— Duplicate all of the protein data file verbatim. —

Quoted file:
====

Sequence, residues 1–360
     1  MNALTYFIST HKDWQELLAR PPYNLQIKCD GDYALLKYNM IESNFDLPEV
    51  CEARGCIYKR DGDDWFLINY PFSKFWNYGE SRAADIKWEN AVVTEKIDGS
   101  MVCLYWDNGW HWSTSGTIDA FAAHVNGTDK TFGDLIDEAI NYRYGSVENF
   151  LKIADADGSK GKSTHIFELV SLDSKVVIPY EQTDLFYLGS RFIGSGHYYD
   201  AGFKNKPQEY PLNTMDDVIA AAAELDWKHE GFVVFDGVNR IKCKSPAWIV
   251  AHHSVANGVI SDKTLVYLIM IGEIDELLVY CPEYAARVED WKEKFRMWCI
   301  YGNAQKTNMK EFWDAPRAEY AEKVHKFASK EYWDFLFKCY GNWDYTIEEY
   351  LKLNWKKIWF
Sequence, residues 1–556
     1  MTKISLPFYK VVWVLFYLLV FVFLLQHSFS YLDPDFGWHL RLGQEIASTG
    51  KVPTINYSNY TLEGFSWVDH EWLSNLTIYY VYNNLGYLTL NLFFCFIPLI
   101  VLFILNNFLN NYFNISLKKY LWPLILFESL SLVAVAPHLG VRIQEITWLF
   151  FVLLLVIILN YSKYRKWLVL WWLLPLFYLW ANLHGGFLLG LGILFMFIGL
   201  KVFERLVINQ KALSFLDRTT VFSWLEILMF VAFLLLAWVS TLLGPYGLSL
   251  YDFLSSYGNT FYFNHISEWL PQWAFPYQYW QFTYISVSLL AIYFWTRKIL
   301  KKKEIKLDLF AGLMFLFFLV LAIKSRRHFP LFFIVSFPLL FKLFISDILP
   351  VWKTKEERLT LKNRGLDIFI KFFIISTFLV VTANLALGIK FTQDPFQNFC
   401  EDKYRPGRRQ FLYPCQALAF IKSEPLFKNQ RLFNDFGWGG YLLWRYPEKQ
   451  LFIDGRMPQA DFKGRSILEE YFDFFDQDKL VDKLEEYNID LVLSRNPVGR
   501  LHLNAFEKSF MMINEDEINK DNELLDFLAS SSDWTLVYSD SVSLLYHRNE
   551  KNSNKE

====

Sequence, residues 1–360
     1  MNALTYFIST HKDWQELLAR PPYNLQIKCD GDYALLKYNM IESNFDLPEV
    51  CEARGCIYKR DGDDWFLINY PFSKFWNYGE SRAADIKWEN AVVTEKIDGS
   101  MVCLYWDNGW HWSTSGTIDA FAAHVNGTDK TFGDLIDEAI NYRYGSVENF
   151  LKIADADGSK GKSTHIFELV SLDSKVVIPY EQTDLFYLGS RFIGSGHYYD
   201  AGFKNKPQEY PLNTMDDVIA AAAELDWKHE GFVVFDGVNR IKCKSPAWIV
   251  AHHSVANGVI SDKTLVYLIM IGEIDELLVY CPEYAARVED WKEKFRMWCI
   301  YGNAQKTNMK EFWDAPRAEY AEKVHKFASK EYWDFLFKCY GNWDYTIEEY
   351  LKLNWKKIWF
Sequence, residues 1–556
     1  MTKISLPFYK VVWVLFYLLV FVFLLQHSFS YLDPDFGWHL RLGQEIASTG
    51  KVPTINYSNY TLEGFSWVDH EWLSNLTIYY VYNNLGYLTL NLFFCFIPLI
   101  VLFILNNFLN NYFNISLKKY LWPLILFESL SLVAVAPHLG VRIQEITWLF
   151  FVLLLVIILN YSKYRKWLVL WWLLPLFYLW ANLHGGFLLG LGILFMFIGL
   201  KVFERLVINQ KALSFLDRTT VFSWLEILMF VAFLLLAWVS TLLGPYGLSL
   251  YDFLSSYGNT FYFNHISEWL PQWAFPYQYW QFTYISVSLL AIYFWTRKIL
   301  KKKEIKLDLF AGLMFLFFLV LAIKSRRHFP LFFIVSFPLL FKLFISDILP
   351  VWKTKEERLT LKNRGLDIFI KFFIISTFLV VTANLALGIK FTQDPFQNFC
   401  EDKYRPGRRQ FLYPCQALAF IKSEPLFKNQ RLFNDFGWGG YLLWRYPEKQ
   451  LFIDGRMPQA DFKGRSILEE YFDFFDQDKL VDKLEEYNID LVLSRNPVGR
   501  LHLNAFEKSF MMINEDEINK DNELLDFLAS SSDWTLVYSD SVSLLYHRNE
   551  KNSNKE